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Review

Wisden Cricketers' Almanack Australia 2004-05

From a distance everything about Australian cricket appears impregnable, even perfect

Scyld Berry
19-Dec-2004
Shine comes off green and gold


Wisden Cricketers' Almanack Australia 2004-05, 976 pages, published by John Wisden & Co, is available in hardback for £22.50 © Wisden
From a distance everything about Australian cricket appears impregnable, even perfect. Close up though - and Wisden Australia takes you close up - not everything is lovely in the Aussie garden.
Take their second Test against Zimbabwe at Sydney. It was a decent game which went into the fifth day and Australia had to chase 172. Yet the crowd for the whole game was 18,363, the smallest crowd for a completed Test at the SCG since 1888.
In `Notes by the Editor' Christian Ryan says of Australia's two new Test venues, Darwin and Cairns: "At the time of writing there seems every chance that international cricket's newest playing fields are already being put out to pasture."
Australian cricket sets the highest standard on the field, yet sometimes it cannot attract spectators. In the same notes Ryan observes: "There is a simple reason why the five-Test series held sway for cricket's first century and a bit. It works. Five days make a Test and five Tests make a series." But only when England tour are Australian spectators served the full, contemplative, satisfying dinner that is a five-Test series. India played a four-Test series, only the second of its kind in Australia in 121 years: "It has neither the jagged frenzy of three Tests nor the leisurely suspense of five ... Here's hoping it was the last."
The media fall short in Australia too, according to Ryan's Notes. On television they sometimes have to make do with Allan Border as a commentator. Being a national selector he cannot say anything critical - so it's as well we are spared David Graveney and Geoff Miller. Worse than that, there was nobody to say anything on Channel 9 or a live picture of any kind when Shane Warne was in Cairns pursuing the record for most Test wickets and equal on 527 with Muttiah Muralitharan. Australian cricket followers had to watch The Price is Right instead.
Newspapers aren't exempt from criticism either. Instead of describing what happened, Australian correspondents, programmed by their sports editors, "escort a tape recorder into the post-stumps press conference, pick out the raciest quotes and unload them on to their laptops. Maybe chuck in a couple of stats. Then hit send ... It is possible that Australians have never played cricket more swashbucklingly than we do now. It is equally possible that we have never reported on it more tediously."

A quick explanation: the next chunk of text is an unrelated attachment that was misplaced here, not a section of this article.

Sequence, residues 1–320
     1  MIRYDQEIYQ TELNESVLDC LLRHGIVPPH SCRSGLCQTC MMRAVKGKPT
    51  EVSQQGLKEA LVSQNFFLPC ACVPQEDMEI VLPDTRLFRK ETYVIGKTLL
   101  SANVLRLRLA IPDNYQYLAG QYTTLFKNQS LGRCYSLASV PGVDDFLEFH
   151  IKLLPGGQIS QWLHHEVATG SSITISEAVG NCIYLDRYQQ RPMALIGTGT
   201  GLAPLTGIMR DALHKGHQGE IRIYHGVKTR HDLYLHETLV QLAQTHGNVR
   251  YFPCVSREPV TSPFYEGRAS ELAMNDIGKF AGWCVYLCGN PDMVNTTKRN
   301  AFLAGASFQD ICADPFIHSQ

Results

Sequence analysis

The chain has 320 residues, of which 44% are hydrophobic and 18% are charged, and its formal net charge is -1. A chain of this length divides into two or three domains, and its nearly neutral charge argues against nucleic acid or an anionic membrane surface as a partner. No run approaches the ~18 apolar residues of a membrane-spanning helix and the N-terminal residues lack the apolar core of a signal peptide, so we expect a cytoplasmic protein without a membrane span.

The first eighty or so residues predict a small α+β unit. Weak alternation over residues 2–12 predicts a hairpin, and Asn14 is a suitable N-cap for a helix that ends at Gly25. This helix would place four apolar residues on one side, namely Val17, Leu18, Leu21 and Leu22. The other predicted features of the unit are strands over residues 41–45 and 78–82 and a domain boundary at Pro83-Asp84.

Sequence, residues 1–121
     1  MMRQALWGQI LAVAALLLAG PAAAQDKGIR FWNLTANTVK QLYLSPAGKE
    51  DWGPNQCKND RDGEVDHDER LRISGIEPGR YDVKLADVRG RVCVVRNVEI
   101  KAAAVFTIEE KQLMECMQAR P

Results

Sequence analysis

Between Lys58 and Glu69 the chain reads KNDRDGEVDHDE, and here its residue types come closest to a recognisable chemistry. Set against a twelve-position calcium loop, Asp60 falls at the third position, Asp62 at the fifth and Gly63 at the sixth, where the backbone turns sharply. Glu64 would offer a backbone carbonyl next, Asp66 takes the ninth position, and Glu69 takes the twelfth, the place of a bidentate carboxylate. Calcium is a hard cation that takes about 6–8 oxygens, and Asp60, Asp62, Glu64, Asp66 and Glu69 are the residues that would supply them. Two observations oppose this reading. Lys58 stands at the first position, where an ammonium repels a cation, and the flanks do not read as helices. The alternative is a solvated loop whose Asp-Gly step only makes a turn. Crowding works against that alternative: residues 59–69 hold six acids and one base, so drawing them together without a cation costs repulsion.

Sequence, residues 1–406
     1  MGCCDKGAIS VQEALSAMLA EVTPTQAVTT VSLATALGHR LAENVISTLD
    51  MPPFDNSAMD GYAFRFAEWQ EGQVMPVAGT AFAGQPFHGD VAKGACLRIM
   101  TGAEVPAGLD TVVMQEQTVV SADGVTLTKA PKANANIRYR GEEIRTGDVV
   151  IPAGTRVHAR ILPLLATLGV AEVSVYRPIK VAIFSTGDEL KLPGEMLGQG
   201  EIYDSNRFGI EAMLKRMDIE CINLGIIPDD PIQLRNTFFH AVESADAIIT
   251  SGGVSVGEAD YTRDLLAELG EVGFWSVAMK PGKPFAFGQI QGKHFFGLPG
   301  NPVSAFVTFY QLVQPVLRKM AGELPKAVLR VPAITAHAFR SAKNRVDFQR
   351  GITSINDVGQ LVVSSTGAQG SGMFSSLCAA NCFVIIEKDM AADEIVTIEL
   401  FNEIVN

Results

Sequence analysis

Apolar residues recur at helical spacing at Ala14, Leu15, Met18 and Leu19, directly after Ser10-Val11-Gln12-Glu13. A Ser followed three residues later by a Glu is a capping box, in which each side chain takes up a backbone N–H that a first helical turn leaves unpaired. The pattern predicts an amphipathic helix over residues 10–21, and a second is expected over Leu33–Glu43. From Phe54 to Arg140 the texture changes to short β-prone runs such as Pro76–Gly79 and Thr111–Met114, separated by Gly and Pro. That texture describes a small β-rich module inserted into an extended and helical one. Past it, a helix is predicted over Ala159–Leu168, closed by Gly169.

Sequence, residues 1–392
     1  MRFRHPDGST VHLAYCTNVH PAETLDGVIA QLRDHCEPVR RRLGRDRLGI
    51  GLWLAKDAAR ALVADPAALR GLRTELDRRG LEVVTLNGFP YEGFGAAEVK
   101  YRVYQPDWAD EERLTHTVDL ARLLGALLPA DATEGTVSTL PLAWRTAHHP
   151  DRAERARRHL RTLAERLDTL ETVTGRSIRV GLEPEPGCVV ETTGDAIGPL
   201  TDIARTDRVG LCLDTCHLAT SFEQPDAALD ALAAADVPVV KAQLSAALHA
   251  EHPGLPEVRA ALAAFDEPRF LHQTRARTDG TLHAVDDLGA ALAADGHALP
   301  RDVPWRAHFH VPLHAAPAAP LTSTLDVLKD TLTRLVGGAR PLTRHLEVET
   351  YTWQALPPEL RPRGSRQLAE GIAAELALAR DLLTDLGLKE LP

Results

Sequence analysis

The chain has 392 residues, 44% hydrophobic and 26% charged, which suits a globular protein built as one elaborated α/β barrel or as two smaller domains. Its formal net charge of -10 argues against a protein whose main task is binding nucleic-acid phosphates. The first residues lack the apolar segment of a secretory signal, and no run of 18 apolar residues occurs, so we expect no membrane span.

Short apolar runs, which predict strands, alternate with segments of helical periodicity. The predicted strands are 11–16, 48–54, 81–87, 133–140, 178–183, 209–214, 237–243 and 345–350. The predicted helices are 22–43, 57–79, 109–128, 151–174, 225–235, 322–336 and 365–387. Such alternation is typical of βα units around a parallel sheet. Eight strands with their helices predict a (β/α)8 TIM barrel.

Elsewhere in the Almanack, Gideon Haigh has a go at the administration while celebrating the 100th anniversary in May 2005 of the inaugural meeting of the Australian Board of Control. The current CEO James Sutherland admits in an interview that the national board is dependent on the six state associations, as dependent as the ECB on the 18 first-class counties. He admits too that the system isn't right at state level: "The culture 20 years ago was very supportive of players who worked." Now they get paid enough for playing cricket, but most of them do nothing but train in winter and have no job when they finish playing. Reminiscent of county cricket.
Further scope for improvement would appear to exist in club or grade cricket where European names dominate the averages in the Almanack, except for Richard Chee Que in Sydney. In the leading London club sides up to half the names are now Asian. Australian cricket has yet to integrate the many immigrant Indians and Sri Lankans.
But Australia still have immense advantages, like their climate, and Shane Warne, who is given tributes by six former Australian wrist-spinners, and Adam Gilchrist, who has scored more quickly than anybody else who has made 1,000 Test runs, according to some amazingly detailed research for the Almanack by Charles Davis.
The Almanack itself is of the same worthy standard as the Australian team. Having fewer matches to cover than the English one, it offers a paragraph of profile on each first-class player and his recent development. Shaun Tait, the new quick, is not as bad as his record for Durham suggested. In a one-day game for South Australia he took 8 for 43, the best figures in state one-day history.
Scyld Berry is cricket correspondent of the Sunday Telegraph.
Rating: 4./5